Legacy of The Man
Rick Florian grew up in rural northern Indiana from hardworking country stock. 'A very lovingly, boring place to grow up. And I'm quite thankful for it,' Rick reminiscences. I've been to L.A...... I'd live in rural northern Indiana in a heartbeat before I'd live in Los Angeles or New York.' Rick shares, 'We lived out south of South Bend in between Plymouth and Walkerton in the middle of nowhere and had ten acres. My dad owned a tool and dye shop about 15 miles from there. We had a 'farm' just in the way of the folks wantin' to have animals for us. It wasn't like an income kind of farm. We'd have some sheep or some pigs.....and we'd eat the pigs,' Rick pauses with a chuckle, 'and had chickens laying eggs. We'd sell eggs down at the road. When I think about it now it's some of my fondest memories of life.'
The Florians provided a nurturing and loving home for Rick, his older brother Dan and younger sister Traci. Because of the isolation rural life could bring, the Florian siblings were basically each others' only playmates. They developed relationships with other children primarily through school and church. 'Me, my brother, and my sister,' Rick explains, 'We didn't have many people our age that lived out there. We're so close now I think because of that; I'm thankful for that as well.'
The Florian family attended a United Methodist Church where they performed hard at their faith.....a simple faith.....a rural faith based on the land, Christian morality, and church participation. Inheriting a love for the land, Rick reflects, 'I'm looking outside at the trees of Tennessee and the hills.....I know until the day I die.....I look at creation and it will constantly remind me of Him in a profound and simple way.'
The heavens declare the glory of God; and the firmament sheweth his handiwork. Day unto day uttereth speech, and night to night sheweth knowledge. There is no speech nor language, where their voice is not heard. Their line is gone out through all the earth, and their words to the end of the world. In them hath He set a tabernacle for the sun, which is as a bridegroom coming out of his chamber, and rejoiceth as a strong man to run a race. (Psalm 19:1-5, KJV)
Rural christianity is a simple faith. It's based on principles of sowing and reaping, doing what's right, and performing christian duty. It's based on being at the church when the church's doors are open and serving in anyway you can in the congregation. The Florians served as members of the church choir with the exception of brother Dan, 'who somehow managed to escape that duty,' Rick recalls fondly. One could say that Rick made his singing debut in the church choir. 'Yeah, I'd sing in the choir at church. I sang pretty well. It was a small country church so anybody that could sing 'happy-like' sang in the choir,' Rick chuckles.
Rick reflects on his christian upbringing: 'You try to be a good person. You do good things. That's kind of what keeps God happy. Even though you know the truth of what Christ did. You can't do enough. It was still pretty much a works of righteousness kind of attitude.' Rick explains, 'Or at least not delving into it; because, one didn't need to or exactly want to.....A general form of apathy in a spiritual sense, being content with little.' Rick is describing a faith that is basic, very matter-of-fact. Although he may have not known it than, his parents provided an introduction to church life which later in his life provided a foundation for the driving focus of the deeper faith he knows today.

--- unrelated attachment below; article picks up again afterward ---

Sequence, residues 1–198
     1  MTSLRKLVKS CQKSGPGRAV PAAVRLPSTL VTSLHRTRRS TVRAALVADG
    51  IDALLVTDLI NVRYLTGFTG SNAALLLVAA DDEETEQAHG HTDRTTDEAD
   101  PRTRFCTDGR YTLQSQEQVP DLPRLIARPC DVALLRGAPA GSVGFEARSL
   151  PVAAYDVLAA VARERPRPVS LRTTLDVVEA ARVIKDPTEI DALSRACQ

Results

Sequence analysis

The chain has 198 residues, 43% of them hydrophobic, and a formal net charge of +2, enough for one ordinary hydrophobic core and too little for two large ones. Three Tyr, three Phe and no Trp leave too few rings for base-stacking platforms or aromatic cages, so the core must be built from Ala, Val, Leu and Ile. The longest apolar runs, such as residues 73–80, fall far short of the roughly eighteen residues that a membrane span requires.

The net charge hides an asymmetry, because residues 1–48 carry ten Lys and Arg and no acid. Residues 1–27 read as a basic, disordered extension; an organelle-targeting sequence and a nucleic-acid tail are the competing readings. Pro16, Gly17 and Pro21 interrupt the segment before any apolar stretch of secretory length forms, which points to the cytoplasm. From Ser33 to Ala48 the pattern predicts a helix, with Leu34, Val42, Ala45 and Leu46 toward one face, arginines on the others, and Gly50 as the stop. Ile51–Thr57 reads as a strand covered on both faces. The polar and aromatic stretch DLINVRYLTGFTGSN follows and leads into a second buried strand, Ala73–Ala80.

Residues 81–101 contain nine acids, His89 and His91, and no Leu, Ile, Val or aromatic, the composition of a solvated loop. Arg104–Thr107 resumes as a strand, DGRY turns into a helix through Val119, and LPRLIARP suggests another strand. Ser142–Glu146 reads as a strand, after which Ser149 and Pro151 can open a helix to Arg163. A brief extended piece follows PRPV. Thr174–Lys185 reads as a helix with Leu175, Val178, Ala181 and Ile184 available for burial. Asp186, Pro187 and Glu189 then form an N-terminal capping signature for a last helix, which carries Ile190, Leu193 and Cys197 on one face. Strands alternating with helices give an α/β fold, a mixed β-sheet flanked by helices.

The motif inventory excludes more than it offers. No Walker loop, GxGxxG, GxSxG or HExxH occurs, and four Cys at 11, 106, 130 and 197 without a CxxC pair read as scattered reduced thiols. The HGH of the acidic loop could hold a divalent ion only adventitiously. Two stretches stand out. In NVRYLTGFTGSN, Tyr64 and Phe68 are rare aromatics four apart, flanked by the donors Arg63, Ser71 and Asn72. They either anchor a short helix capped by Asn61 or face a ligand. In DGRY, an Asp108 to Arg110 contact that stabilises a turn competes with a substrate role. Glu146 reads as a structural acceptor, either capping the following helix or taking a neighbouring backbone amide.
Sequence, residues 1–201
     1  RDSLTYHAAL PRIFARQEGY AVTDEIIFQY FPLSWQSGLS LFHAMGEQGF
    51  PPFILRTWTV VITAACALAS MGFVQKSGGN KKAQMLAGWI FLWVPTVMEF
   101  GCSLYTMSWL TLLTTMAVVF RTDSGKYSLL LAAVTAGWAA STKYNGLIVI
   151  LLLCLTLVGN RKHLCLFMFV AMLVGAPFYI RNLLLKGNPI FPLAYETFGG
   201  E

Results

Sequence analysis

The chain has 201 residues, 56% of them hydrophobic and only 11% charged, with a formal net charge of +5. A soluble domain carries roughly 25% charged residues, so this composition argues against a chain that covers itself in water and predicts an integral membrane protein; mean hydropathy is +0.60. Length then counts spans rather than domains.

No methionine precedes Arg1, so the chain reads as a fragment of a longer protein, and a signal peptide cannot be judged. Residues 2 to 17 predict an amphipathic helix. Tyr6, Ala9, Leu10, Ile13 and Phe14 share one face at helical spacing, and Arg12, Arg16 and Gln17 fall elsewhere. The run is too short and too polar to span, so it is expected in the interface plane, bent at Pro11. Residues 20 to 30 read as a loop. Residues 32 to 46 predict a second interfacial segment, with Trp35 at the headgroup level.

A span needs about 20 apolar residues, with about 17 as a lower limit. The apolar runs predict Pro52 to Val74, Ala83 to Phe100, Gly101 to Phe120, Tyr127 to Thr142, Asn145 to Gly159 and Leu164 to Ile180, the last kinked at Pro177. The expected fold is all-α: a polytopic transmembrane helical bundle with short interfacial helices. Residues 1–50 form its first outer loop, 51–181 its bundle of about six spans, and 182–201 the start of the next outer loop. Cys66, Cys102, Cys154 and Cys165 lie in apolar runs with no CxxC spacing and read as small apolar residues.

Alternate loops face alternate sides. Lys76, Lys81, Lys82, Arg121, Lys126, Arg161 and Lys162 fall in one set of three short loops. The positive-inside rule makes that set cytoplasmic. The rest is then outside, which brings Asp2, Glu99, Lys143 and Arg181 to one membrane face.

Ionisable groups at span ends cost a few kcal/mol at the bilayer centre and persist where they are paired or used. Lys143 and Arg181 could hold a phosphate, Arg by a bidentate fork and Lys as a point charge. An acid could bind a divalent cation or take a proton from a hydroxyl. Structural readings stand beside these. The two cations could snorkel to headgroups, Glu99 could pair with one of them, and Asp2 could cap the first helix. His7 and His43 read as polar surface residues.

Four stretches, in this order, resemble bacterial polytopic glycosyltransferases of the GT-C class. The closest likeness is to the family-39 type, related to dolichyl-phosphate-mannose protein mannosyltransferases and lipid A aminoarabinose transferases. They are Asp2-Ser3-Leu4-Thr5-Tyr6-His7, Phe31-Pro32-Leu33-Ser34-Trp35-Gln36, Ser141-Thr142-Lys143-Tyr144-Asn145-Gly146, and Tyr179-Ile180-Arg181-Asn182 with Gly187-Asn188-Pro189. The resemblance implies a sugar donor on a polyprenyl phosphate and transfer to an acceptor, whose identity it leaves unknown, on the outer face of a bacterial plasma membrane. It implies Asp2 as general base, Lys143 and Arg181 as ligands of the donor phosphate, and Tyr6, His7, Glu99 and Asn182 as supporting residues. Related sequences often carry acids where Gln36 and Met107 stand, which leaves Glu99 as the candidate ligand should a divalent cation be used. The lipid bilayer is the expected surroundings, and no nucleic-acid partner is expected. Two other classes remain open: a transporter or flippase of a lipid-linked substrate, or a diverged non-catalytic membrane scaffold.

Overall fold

From 1980-1984, Rick attended Taylor University, a small christian liberal arts college in Indiana. His parents wouldn't let him go to stunt driving school so instead Rick pursued the academic life. :) He majored in biology because he didn't like anything else. His saving grace was that he liked nature.
'Would you call yourself a serious student?' I prompted.
'No, unless I was lying', :) he said. 'I had a 3.0 and that was doing next to nothing.'
So what did Rick do when he wasn't studying? I'm sure there are some fun stories and experiences he could tell. But one thing is for sure he avoided behavior which could get him expelled from school. All Taylor students were required to sign a letter of integrity promising to uphold some basic strict principles. 'It wasn't like going out and getting wasted on the weekends or anything,' Rick recalls, 'that was never the situation. It was more of just making sure that you honored God by giving him your focus.'
Life at Taylor was a time of discovery for Rick. It was about discovering christian music. It was about discussions with the guys in the dorms about life, God, careers, and girls. It was about building relationships with people who would have an eternal impact on his life. Rick shares, 'They (people at Taylor) are some of the most godly people I've ever met in my whole life; and some of the most real people that I've ever met. Some I still communicate with today. There's a message on the answering machine at the Whiteheart office here today from a kid who is next door neighbor to a prof....probably the best friend as far as the profs go, that I had there. He's thinking of coming down to Nashville for the summer.' It is instances like these which pull on Rick's heart to give back to Taylor in some way. 'I would one day if it works out..... like to go back and end up doing something at the school. I would love that.' It was also at Taylor that Rick met fellow alumnus and CCM artist Geoff Moore, who was just a year ahead of him. Destiny brought the two together. Eventually Geoff would be the one to lead Rick to Whiteheart.The turning point for Rick came in 1980 when he made his commitment to Christ while at Taylor. This commitment was not a one time thing but a series of responses to the pull of God on his heart as he pondered what this commitment to God meant. Rick states, 'It's like laying at night in your bed...at 12:00 o'clock and dwelling on Him and wanting to know Him more. It was a series of processes rather than one big boom.' Out of the discussions in the dorms, out of watching other christians perform their faith, out of the environment of the school itself--light came to Rick's heart. It dawned on him that, 'You know what.....I can't do squat to make God happy to the point where I'm gonna be saved. There's was nothing I could do once I realized that.....my hope or joy really just lied in the fact of truly living what I said I believed and what Christ did for me. That's more than sufficient.....that's where freedom comes from.' On his salvation experience, Rick adds humorously, 'That's when (1980) I would say I was confident, before that it just depends on how far the grace of God goes.' :)